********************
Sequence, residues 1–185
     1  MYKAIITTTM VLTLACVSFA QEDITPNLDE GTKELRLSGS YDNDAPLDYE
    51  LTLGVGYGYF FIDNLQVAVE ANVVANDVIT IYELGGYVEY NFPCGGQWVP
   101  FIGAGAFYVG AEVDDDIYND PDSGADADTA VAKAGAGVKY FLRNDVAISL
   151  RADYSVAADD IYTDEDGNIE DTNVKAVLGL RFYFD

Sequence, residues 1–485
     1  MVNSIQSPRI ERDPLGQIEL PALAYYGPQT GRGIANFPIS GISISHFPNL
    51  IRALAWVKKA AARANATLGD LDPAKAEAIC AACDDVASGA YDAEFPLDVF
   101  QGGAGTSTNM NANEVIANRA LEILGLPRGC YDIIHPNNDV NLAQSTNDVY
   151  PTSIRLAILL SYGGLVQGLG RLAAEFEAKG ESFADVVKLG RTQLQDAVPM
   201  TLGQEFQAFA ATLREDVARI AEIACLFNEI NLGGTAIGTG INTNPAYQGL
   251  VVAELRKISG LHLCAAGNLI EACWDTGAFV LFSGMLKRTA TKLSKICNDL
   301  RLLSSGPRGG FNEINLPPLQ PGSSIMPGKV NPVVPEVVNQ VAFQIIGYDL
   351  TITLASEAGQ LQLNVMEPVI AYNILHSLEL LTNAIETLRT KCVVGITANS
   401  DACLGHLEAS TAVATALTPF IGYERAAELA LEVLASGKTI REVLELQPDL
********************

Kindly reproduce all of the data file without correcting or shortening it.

Sequence, residues 1–185
     1  MYKAIITTTM VLTLACVSFA QEDITPNLDE GTKELRLSGS YDNDAPLDYE
    51  LTLGVGYGYF FIDNLQVAVE ANVVANDVIT IYELGGYVEY NFPCGGQWVP
   101  FIGAGAFYVG AEVDDDIYND PDSGADADTA VAKAGAGVKY FLRNDVAISL
   151  RADYSVAADD IYTDEDGNIE DTNVKAVLGL RFYFD

Sequence, residues 1–485
     1  MVNSIQSPRI ERDPLGQIEL PALAYYGPQT GRGIANFPIS GISISHFPNL
    51  IRALAWVKKA AARANATLGD LDPAKAEAIC AACDDVASGA YDAEFPLDVF
   101  QGGAGTSTNM NANEVIANRA LEILGLPRGC YDIIHPNNDV NLAQSTNDVY
   151  PTSIRLAILL SYGGLVQGLG RLAAEFEAKG ESFADVVKLG RTQLQDAVPM
   201  TLGQEFQAFA ATLREDVARI AEIACLFNEI NLGGTAIGTG INTNPAYQGL
   251  VVAELRKISG LHLCAAGNLI EACWDTGAFV LFSGMLKRTA TKLSKICNDL
   301  RLLSSGPRGG FNEINLPPLQ PGSSIMPGKV NPVVPEVVNQ VAFQIIGYDL
   351  TITLASEAGQ LQLNVMEPVI AYNILHSLEL LTNAIETLRT KCVVGITANS
   401  DACLGHLEAS TAVATALTPF IGYERAAELA LEVLASGKTI REVLELQPDL